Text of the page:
Sox acquire Turner from Toronto for Navarro

Trade should mean more time for rookie Narvaez behind plate

Sox acquire Turner from Toronto for Navarro

CHICAGO -- Dioner Navarro was texting with a player on the Toronto Blue Jays prior to Friday night's action when that particular player asked Navarro if he heard anything about the Blue Jays pursuing him again.

"When I was explaining the trade, he was typing in, 'Yeah, I just heard something,'" said White Sox general manager Rick Hahn, who informed Navarro of his trade to the Blue Jays in exchange for left-handed pitcher Colton Turner in the home clubhouse during batting practice.

"He was in some ways a little shocked by the news," Hahn added. "He was a little surprised that he was getting moved, but appreciated the new opportunity to go back to somewhere where he was comfortable."

Some might consider the move of Navarro, who agreed to a one-year, $4 million deal during this past offseason, as the unofficial beginning of the White Sox rebuild. Hahn acknowledged dialogue continues with "a lot of different clubs on a handful of different players." But this move is as much about giving rookie Omar Narvaez extra at-bats and starts behind the plate.

Narvaez has impressed the White Sox with his plate discipline and his game-calling, working well with Chris Sale, Jose Quintana and Carlos Rodon.

"As we talked about yesterday, Omar has done a nice job putting himself on the map playing a role here over the next few years," Hahn said. "And this should likely give him a few more opportunities over the next four or five weeks to play on a regular basis."

Narvaez's RBI single

Catcher Alex Avila was returned from his injury rehabilitation assignment at Triple-A Charlotte and reinstated from the 15-day disabled list to take Navarro's place. The team's 40-man roster currently stands at 39.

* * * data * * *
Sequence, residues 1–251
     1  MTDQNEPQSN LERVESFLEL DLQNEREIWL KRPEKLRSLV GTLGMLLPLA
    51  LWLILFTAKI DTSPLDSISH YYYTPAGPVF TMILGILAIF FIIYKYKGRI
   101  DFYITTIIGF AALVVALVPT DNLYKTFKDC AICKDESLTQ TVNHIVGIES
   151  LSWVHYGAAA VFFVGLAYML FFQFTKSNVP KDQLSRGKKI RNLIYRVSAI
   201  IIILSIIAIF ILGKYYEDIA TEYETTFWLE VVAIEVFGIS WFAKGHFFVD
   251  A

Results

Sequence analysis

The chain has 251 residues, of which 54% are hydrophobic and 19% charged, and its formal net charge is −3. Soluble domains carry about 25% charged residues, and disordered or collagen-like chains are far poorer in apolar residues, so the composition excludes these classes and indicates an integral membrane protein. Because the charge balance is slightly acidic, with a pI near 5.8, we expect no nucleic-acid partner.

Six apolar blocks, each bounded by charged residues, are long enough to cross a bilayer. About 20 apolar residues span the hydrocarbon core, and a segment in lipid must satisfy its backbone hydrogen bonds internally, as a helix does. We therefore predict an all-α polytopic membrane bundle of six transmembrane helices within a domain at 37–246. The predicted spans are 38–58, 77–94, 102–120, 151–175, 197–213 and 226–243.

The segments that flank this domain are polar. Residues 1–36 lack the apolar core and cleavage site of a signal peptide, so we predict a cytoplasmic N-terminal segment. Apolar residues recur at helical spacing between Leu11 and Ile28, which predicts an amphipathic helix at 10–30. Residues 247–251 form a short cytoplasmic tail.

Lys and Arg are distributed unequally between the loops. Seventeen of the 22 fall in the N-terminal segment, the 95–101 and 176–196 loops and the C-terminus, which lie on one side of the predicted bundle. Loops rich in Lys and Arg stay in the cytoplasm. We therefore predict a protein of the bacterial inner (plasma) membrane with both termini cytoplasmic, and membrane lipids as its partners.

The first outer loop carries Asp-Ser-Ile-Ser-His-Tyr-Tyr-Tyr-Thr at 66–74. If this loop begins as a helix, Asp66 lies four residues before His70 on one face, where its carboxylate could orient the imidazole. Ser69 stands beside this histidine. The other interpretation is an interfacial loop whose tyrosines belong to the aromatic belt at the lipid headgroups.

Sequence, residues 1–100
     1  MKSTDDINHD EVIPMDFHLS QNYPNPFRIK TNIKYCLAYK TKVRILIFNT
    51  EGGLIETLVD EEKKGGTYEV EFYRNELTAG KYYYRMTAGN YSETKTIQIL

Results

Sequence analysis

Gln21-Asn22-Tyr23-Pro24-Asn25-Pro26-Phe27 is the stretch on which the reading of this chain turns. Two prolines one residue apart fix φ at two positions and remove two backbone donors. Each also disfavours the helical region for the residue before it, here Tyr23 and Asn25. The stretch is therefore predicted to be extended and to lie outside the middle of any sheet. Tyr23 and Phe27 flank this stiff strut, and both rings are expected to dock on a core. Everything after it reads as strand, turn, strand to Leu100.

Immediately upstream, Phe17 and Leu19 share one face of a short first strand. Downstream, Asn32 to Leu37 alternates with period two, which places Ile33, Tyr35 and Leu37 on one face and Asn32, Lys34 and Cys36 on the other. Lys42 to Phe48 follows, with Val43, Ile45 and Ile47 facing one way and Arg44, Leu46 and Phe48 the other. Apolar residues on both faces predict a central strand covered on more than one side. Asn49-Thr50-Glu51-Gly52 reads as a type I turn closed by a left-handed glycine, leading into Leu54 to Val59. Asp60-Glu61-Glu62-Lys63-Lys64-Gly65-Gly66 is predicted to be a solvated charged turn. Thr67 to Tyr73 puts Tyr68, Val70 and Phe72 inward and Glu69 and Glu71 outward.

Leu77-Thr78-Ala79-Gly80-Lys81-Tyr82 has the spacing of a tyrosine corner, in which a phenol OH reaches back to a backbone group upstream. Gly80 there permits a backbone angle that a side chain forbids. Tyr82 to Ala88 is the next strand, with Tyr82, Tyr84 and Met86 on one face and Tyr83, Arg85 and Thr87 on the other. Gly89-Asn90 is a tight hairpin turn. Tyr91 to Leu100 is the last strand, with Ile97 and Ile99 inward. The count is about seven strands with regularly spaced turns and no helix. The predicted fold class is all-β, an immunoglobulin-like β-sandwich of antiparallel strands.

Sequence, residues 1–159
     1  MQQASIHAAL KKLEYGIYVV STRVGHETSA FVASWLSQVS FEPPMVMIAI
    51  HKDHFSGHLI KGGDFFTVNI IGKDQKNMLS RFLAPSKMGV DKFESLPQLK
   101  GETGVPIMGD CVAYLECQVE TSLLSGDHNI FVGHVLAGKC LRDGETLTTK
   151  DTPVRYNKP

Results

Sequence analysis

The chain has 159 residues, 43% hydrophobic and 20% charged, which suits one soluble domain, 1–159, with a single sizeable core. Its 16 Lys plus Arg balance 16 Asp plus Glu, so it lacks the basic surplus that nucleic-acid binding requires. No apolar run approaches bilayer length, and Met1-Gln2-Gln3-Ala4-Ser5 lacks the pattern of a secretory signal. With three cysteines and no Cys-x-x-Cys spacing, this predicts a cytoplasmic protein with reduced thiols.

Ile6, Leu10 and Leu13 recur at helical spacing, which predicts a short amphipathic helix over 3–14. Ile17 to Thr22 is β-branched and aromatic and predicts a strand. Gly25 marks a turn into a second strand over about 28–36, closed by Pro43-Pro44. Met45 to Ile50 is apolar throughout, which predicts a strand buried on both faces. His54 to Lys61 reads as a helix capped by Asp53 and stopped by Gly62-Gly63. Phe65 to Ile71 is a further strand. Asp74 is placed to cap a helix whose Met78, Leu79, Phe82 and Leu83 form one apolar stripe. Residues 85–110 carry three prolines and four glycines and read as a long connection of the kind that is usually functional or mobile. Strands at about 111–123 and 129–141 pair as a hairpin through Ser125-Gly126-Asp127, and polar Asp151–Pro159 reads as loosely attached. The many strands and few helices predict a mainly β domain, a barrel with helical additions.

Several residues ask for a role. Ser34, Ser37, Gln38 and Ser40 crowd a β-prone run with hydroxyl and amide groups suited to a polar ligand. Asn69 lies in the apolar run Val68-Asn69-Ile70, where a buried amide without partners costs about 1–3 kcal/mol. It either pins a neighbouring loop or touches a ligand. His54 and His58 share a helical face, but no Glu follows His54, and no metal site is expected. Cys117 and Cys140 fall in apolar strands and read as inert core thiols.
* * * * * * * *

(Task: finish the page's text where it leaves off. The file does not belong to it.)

Turner, 25, has combined to go 3-1 with a 1.33 ERA over 54 innings pitched, with 70 strikeouts and 13 saves over 44 relief appearances this season between Class A Lansing, Class A Dunedin and Double-A New Hampshire in the Blue Jays' system. He averaged 11.7 strikeouts per nine innings, allowed just one home run and limited opponents to a .201 average, including a .144 mark by right-handers. He will be assigned to Double-A Birmingham.

He was 3-0 with a 0.41 ERA and 60 strikeouts in 43 2/3 innings over 35 games between Lansing and Dunedin, including a season-opening streak of 25.0 consecutive scoreless innings, to earn a promotion to New Hampshire where Turner went 0-1 with a 5.23 ERA over nine appearances. Turner is 12-9 with a 2.76 ERA and 200 strikeouts in 107 games (16 starts) over five seasons in the Blue Jays' system after being selected in the 21st round of the 2012 draft.

"You can obviously see from the numbers he has done impressive work against righties for a left-handed reliever, which is nice to see," Hahn said. "Fastball [94-95 mph] slider mix, good command. He came back from Tommy John [surgery] last season and pitched this past winter in Australia and ever since he got back, he seems to have hit his stride well."

Either Charlotte catcher Kevan Smith or Birmingham catcher Alfredo Gonzalez, who are both on the White Sox 40-man, figures to be part of the September callups. But finding a starting catcher for 2017, as the development continues for Zack Collins, the team's top pick in the 2016 Draft, and 10th selection overall, remains a priority.

"There are some options in the pipeline," Hahn said. "But certainly heading into this offseason, we are going to find a direction for 2017 and some answers for 2017 behind the plate."

"It stinks," said Sale of the Navarro trade, speaking after his complete-game, 3-1 loss to the Mariners. "Any time one of your buddies walks out the door it's not fun. It might be a little bittersweet for him, going back to a familiar place, be on a team that's winning. He's definitely going to be missed here, no doubt."

Scott Merkin has covered the White Sox for since 2003. Read his blog, Merk's Works, follow him on Twitter @scottmerkin, on Facebook and listen to his podcast. This story was not subject to the approval of Major League Baseball or its clubs.